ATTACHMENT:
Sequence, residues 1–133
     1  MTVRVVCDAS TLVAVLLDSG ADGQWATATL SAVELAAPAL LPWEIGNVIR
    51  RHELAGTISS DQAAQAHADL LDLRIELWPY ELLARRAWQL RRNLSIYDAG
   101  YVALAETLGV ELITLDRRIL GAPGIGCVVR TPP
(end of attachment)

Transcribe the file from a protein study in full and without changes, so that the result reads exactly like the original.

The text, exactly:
Sequence, residues 1–133
     1  MTVRVVCDAS TLVAVLLDSG ADGQWATATL SAVELAAPAL LPWEIGNVIR
    51  RHELAGTISS DQAAQAHADL LDLRIELWPY ELLARRAWQL RRNLSIYDAG
   101  YVALAETLGV ELITLDRRIL GAPGIGCVVR TPP